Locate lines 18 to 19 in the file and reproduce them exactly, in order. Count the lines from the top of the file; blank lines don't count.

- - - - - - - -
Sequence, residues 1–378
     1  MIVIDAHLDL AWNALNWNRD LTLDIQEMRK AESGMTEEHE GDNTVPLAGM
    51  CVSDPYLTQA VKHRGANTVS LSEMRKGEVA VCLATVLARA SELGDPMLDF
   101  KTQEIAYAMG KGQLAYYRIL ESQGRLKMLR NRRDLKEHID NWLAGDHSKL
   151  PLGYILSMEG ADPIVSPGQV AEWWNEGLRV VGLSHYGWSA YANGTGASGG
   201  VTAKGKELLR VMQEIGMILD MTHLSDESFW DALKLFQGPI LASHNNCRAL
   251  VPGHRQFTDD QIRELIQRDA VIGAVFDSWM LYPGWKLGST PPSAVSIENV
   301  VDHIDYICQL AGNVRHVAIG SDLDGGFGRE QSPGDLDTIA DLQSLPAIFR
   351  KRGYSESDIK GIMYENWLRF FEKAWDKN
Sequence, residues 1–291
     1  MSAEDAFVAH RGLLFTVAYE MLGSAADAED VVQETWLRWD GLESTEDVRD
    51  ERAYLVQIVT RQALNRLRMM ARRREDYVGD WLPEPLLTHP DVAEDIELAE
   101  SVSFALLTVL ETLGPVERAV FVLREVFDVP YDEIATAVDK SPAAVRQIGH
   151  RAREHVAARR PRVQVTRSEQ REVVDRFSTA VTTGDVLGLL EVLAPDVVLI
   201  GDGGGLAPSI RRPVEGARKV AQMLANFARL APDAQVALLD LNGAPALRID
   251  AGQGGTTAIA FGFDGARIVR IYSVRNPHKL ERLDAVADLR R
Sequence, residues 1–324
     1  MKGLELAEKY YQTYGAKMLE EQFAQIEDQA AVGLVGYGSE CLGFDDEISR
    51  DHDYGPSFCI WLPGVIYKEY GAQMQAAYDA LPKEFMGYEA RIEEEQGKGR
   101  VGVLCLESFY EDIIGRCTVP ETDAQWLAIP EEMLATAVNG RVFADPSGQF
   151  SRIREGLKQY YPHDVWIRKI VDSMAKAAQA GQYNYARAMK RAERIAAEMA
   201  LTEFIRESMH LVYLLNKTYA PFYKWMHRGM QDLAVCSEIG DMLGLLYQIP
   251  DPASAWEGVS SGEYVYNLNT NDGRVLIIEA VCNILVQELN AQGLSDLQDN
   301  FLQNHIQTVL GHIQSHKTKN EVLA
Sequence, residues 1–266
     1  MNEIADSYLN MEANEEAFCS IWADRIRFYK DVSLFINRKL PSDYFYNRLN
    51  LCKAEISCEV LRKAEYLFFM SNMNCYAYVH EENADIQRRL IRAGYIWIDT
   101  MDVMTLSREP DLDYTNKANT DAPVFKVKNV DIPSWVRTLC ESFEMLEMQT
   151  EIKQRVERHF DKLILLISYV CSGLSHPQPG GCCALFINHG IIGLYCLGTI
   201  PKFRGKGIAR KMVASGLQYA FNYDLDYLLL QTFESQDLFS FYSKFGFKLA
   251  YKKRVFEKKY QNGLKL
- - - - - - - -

     1  MKGLELAEKY YQTYGAKMLE EQFAQIEDQA AVGLVGYGSE CLGFDDEISR
    51  DHDYGPSFCI WLPGVIYKEY GAQMQAAYDA LPKEFMGYEA RIEEEQGKGR